Alexander Walker Dies

Plaudits for long-serving critic

by Willow Green |
Published on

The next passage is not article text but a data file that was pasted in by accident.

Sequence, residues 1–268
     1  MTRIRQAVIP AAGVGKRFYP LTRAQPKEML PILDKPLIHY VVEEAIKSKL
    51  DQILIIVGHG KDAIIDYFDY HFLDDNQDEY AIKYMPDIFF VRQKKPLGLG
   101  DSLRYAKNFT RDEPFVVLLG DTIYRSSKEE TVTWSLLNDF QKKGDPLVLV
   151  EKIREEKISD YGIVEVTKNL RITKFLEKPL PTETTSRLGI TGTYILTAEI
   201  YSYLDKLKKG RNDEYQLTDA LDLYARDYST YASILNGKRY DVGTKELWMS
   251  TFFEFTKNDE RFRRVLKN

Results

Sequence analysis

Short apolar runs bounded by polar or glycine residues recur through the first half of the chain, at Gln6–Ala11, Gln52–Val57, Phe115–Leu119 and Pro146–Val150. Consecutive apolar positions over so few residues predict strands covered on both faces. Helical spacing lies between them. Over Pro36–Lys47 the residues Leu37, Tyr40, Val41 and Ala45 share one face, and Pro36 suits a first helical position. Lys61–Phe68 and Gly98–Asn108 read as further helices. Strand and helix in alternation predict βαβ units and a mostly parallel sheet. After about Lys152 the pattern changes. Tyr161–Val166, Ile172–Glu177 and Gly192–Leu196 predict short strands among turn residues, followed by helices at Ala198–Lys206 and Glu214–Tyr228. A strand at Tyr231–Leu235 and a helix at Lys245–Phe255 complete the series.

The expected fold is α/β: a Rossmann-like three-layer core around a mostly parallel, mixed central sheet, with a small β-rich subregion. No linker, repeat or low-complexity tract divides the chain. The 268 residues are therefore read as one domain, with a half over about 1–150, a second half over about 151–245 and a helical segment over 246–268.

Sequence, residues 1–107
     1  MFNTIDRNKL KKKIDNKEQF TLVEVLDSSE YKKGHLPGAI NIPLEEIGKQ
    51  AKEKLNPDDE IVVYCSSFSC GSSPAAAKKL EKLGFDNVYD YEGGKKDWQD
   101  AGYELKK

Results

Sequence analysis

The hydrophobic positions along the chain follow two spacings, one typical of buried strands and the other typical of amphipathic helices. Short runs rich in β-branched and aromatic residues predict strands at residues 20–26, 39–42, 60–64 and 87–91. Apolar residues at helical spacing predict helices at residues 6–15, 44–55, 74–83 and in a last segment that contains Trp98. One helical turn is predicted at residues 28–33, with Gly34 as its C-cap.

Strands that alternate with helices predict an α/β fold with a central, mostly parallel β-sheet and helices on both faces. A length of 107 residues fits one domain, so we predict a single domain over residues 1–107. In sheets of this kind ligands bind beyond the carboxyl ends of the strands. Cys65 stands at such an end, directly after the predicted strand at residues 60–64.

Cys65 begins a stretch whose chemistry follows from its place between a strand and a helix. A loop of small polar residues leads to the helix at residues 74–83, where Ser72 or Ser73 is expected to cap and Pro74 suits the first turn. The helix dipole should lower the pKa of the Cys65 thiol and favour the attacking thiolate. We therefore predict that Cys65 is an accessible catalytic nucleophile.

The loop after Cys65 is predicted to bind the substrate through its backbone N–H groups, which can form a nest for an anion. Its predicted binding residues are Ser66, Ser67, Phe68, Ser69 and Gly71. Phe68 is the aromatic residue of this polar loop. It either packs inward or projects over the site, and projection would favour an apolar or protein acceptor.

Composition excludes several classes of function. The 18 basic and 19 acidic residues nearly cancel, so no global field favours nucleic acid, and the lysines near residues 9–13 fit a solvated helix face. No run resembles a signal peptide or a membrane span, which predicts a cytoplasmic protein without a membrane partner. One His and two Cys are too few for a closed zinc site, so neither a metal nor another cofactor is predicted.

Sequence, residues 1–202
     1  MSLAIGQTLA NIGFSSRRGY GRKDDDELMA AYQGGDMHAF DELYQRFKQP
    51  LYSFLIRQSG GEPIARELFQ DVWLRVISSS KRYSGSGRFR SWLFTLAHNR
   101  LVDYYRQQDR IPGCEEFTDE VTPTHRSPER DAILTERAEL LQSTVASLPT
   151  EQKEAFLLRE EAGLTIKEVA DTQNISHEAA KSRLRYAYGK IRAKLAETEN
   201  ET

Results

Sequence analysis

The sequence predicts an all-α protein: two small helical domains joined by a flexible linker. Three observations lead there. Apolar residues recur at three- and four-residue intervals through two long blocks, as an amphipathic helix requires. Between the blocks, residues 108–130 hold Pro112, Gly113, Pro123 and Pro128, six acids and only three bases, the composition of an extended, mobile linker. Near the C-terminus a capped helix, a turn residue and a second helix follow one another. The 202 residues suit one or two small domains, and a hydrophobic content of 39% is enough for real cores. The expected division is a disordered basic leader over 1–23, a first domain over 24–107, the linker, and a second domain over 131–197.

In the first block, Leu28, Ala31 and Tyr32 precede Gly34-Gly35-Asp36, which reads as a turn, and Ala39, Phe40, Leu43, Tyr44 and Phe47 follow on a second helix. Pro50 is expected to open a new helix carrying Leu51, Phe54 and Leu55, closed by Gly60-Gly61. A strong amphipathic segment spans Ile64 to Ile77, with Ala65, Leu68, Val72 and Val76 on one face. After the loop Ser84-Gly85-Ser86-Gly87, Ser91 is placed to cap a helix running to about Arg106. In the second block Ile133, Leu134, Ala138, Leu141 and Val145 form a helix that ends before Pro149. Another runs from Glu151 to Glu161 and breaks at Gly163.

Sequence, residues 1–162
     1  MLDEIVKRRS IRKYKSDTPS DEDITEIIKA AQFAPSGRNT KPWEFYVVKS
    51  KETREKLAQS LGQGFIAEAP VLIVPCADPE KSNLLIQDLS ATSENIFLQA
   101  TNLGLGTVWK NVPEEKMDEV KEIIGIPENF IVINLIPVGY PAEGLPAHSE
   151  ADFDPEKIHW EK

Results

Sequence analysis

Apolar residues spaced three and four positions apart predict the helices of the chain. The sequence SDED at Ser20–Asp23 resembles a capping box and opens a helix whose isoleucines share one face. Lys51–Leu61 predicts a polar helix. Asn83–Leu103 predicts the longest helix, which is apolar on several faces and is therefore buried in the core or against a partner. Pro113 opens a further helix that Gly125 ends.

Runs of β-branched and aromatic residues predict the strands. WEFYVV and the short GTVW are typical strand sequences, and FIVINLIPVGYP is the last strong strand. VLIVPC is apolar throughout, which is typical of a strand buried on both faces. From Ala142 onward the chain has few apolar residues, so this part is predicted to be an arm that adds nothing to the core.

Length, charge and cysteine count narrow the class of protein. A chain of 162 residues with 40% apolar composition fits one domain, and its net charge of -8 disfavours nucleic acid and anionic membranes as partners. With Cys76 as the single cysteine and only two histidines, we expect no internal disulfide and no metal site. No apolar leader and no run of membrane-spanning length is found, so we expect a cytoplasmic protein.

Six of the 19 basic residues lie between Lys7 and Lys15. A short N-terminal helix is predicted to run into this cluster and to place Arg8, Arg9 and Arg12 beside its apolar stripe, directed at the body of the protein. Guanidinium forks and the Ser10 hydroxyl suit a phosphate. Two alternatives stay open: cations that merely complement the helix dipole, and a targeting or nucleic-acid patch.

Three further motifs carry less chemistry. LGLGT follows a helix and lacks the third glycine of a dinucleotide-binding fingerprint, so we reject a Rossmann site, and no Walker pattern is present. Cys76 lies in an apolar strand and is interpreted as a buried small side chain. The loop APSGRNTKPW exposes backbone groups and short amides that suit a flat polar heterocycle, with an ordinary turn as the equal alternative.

One of Britain's longest-serving film reviewers, Alexander Walker, died today at the age of 73. The film critic for the London Evening Standard for over 40 years, Walker was never backward about coming forward with his opinions. In fact, you could pretty much guess that whatever Empire's reviewers loved, Walker would hate. Empire on Battle Royale: ' The censorious might feel a fantasy like this encourages teen violence, but director Fukasaku Kinji actually does a wonderful job of making the horrors alien and degrading.' Walker on Battle Royale: 'The vision of dozens of little girls and boys in identical school uniforms, with the clone-like features of oriental children, wiping each other out becomes unbearably tedious.' Empire on Morvern Callar: ' Morvern Callar is shot through with enough everyday poetry to suggest that Ramsay is fast closing in on the synthesis of Ken Loach and Robert Bresson that seems to be her target. Walker on Morvern Callar: 'A more pointless film I haven't seen this year. Aimless and meandering, thin and bodyless, banal and ingenuous.' 'Alexander Walker was one of the most easily identifiable voices in UK film criticism," says Empire's Ian Freer. "That Ken Russell once hit Walker over the head with a rolled up newspaper for his review of Russell's The Devils is typical of the powerful, often incendiary reactions Walker could engender. He stood in marked contrast to much of the anodyne newspaper film criticism that surrounded him.' A friend of the stars

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